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Concerto Salon gets TV makeover

Posted: April 1, 2011 1:55 a.m.
Updated: April 1, 2011 1:55 a.m.

Artful touches, such as wallpaper panels and signs, are products of the TV makeover.

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Nik Nejad of Valencia’s Concerto Salon has been giving makeovers to his clients for years. On Labor Day weekend 2010, his salon received a makeover of its own.

Bravo network’s “Tabatha’s Salon Takeover,” hosted by “Shear Genius” contestant and salon owner Tabatha Coffey, came to Concerto at the request of Nejad.

With its multicolored walls, too-high reception desk and stained-marble station countertops, Concerto wasn’t as welcoming as Nejad, who bought the salon in 2009, envisioned.

“Concerto needed an uplift,” Nejad said.

So did business. Since Trader Joe’s, an anchor at the strip mall where Concerto is located, moved to another address more than a year ago, traffic at the salon had slowed considerably.

That was the main motivation for the makeover, according to Nejad.

“The center just got really quiet. We needed to bring in new business. People thought we were closed,” Nejad said. “I’m a fan of the show, so I went to the website and asked Tabatha to help us.”

After the two-day “Tabatha’s Salon Takeover” filming and renovation at Concerto, the former dark-and-gloomy space now sports matching bright-white walls, black-and-red accents and brand new chairs and floor mats at all 18 hair stations.

These are touches that not only beautify the salon, but make it more practical to service clients.

“Our clients seem to like the chairs better, and our stations just aesthetically look better,” said stylist Sabina Fetter.

“Before the makeover, everything was brown, darker. Now it’s pretty much all black and white,” said makeup artist Betsy Burrows.

Nejad pointed out the new accents provided by the show, such as burgundy crystal vases on the product shelves, which tie in with the salon’s new color scheme of red, black and white. Rich, vibrant fabric panels contrast nicely against the stark walls, with bits of bling thrown in from art deco-inspired decor.

Less-dramatic touches include black nonskid material placed on top of marble countertops that had been stained from years of holding water glasses and other wet objects, and black rubber mats that boast the Concerto name.

While the show didn’t provide any kind of construction upgrades, such as plumbing or electrical work, the once-imposing reception desk was ripped out and replaced with a more open, customer-friendly area.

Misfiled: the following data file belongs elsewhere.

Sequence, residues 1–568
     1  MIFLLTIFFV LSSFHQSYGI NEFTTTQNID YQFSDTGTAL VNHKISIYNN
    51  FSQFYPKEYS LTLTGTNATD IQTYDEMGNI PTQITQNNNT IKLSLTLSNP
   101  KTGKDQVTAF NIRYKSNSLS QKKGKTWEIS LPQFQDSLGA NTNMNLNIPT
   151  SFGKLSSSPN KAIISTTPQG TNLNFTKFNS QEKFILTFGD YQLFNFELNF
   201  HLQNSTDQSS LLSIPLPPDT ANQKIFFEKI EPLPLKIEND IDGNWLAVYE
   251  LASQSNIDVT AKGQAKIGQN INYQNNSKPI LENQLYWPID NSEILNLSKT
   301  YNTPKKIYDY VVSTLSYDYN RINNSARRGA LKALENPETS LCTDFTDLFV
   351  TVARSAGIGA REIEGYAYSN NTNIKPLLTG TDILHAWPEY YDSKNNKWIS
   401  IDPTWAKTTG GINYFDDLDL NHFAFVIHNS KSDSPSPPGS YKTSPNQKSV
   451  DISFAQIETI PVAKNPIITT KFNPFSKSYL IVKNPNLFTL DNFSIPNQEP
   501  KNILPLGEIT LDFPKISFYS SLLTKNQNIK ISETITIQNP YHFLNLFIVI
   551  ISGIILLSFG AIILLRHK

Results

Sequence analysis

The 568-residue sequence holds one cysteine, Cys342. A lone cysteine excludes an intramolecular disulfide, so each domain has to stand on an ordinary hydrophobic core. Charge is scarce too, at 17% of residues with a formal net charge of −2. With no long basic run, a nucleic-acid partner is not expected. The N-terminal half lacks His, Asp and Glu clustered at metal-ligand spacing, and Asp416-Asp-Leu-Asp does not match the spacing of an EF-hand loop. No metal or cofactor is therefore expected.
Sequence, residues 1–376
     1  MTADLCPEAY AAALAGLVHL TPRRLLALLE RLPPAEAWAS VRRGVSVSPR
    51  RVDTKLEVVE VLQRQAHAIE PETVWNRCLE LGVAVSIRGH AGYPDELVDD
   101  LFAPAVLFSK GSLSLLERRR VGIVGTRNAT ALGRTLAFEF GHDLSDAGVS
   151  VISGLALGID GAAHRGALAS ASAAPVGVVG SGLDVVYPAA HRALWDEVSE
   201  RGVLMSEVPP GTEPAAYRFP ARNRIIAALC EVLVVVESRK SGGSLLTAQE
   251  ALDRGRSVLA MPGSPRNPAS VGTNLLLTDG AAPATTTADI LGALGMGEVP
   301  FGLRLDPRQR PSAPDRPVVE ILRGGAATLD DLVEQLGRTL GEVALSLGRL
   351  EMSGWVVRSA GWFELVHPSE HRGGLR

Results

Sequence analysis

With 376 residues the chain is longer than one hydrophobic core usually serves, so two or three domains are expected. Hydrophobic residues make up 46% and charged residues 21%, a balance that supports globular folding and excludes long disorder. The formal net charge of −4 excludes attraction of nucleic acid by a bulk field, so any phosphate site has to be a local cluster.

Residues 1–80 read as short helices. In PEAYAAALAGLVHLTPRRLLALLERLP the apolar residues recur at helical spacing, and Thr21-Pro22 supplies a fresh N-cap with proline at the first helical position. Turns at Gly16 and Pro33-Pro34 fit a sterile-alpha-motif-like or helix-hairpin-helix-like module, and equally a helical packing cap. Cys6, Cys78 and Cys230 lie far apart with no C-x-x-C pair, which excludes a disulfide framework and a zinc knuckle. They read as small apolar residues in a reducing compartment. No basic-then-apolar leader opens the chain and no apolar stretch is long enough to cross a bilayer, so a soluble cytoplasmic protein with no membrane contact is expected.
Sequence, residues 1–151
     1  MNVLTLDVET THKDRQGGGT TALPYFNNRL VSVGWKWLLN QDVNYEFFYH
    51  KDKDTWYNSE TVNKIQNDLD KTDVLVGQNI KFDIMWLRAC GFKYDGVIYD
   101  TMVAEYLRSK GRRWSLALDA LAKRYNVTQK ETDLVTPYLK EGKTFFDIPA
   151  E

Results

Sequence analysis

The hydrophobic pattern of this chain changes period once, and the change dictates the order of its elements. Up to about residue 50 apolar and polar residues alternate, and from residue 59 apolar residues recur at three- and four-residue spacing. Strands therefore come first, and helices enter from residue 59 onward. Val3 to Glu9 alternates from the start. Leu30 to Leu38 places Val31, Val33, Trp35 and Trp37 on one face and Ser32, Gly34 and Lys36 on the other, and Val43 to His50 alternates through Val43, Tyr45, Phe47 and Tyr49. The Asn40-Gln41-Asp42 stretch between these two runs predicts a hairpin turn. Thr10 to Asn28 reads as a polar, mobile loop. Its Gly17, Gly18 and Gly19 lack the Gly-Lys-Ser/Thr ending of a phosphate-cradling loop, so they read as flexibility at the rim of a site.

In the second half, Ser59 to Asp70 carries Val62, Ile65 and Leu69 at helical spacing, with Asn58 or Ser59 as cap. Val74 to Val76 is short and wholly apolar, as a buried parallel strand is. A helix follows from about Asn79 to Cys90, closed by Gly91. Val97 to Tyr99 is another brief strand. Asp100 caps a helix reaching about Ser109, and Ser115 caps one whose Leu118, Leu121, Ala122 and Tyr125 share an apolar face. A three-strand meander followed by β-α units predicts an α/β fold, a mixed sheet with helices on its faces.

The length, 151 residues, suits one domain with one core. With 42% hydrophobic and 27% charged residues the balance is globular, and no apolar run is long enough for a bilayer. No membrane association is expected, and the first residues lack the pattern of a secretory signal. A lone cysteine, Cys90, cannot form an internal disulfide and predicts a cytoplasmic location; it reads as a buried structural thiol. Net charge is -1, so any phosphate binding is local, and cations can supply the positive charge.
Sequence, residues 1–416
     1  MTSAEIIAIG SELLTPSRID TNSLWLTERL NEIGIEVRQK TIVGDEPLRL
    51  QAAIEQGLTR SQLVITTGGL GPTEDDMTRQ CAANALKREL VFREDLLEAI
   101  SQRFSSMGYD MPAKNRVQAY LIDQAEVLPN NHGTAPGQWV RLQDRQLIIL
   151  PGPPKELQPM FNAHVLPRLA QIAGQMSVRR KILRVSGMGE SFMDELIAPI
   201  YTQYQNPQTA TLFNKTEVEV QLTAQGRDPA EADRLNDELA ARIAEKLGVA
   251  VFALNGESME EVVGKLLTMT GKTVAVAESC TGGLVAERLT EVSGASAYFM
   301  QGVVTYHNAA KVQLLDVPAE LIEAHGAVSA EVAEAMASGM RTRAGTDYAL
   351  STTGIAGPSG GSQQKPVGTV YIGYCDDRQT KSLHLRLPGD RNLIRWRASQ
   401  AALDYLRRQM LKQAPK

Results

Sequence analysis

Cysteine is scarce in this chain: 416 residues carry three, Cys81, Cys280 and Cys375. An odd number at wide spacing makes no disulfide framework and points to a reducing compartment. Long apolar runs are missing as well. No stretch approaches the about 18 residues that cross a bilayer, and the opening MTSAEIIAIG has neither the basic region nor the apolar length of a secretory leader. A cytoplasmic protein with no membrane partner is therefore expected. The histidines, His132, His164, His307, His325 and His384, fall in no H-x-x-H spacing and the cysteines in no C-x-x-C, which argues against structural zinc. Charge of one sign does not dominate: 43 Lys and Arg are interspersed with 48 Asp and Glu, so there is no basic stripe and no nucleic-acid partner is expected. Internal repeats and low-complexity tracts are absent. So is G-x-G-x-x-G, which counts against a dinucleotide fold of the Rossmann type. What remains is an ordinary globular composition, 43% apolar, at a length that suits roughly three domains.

“It’s certainly made the receptionist’s life easier; she doesn’t get yelled at for not greeting people anymore,” Burrows said. “She just wasn’t able to see them before.”

Another aspect of “Tabatha’s Salon Takeover” is the host providing tips on how the staff can interact better with both its clients and each other.

For a team-building exercise, Nejad and the staff were taken to the Anti-Gravity Sports Complex in Valencia.

“I learned how to be more assertive,” Nejad said.

Throughout the taping, Concerto’s staff was encouraged to act as dramatically as possible, according to Fetter, who was portrayed as the salon’s main villain.

“They told us what they wanted — the worse behavior, the better. People don’t realize, a lot of reality TV is staged. They take an existing storyline and blow it up,” Fetter said.

“We improvised a lot on the spot,” Burrows said.

“Still, the whole thing was fun to shoot,” Fetter said.

When the show aired on Feb. 14, Concerto’s staff and many of its clients watched during a private event held at Kisho Japanese Restaurant in Valencia.

“It was a good party; we had about 50 people,” Nejad said.

After the show, Nejad had the reaction he was hoping for. “Tabatha’s Salon Takeover” brought in approximately 12 new clients for Nejad, who also works as a stylist at Umberto Salon in Los Angeles, and 25 overall for the salon.

“It was great exposure for sure, for the media to see us,” Nejad said. “Some people watched it three or four times and said they enjoyed it every time. Other salons have been calling to congratulate us. That’s really cool.”

For Burrows, the show provided an opportunity to reconnect with former clients and long-lost friends.

“People I used to do makeup on came back. Someone I hadn’t talked to in 15 years found me, saying she saw me on the show,” she said.

She’s also making new contacts, mainly people on Facebook who caught her on “Tabatha’s Salon Takeover.”

“It’s been interesting to have strangers from many miles away asking what color makeup I wore on the show,” Burrows said.

Fetter regularly gets recognized, even though she’s 65 pounds lighter than when the show aired.

“It surprises me,” she said. “I went to rent a car and the clerk said, ‘I know you! You were on the Tabatha  show!’”

In addition to traditional salon clients, Concerto’s appearance on “Tabatha’s Salon Takeover” has opened up new business opportunities. Recently, the salon acted as a location for an upcoming feature film.

“Television really works,” Nejad said. “Reality TV helps business tremendously.”

Concerto Salon is located at  23340 Cinema Drive, Valencia. Through April 9, Concerto will donate all proceeds from blow dry services to Japanese tsunami/earthquake relief efforts through the American Red Cross. For more information, visit www.concertosalon-spa.com or call (661) 287-3700.

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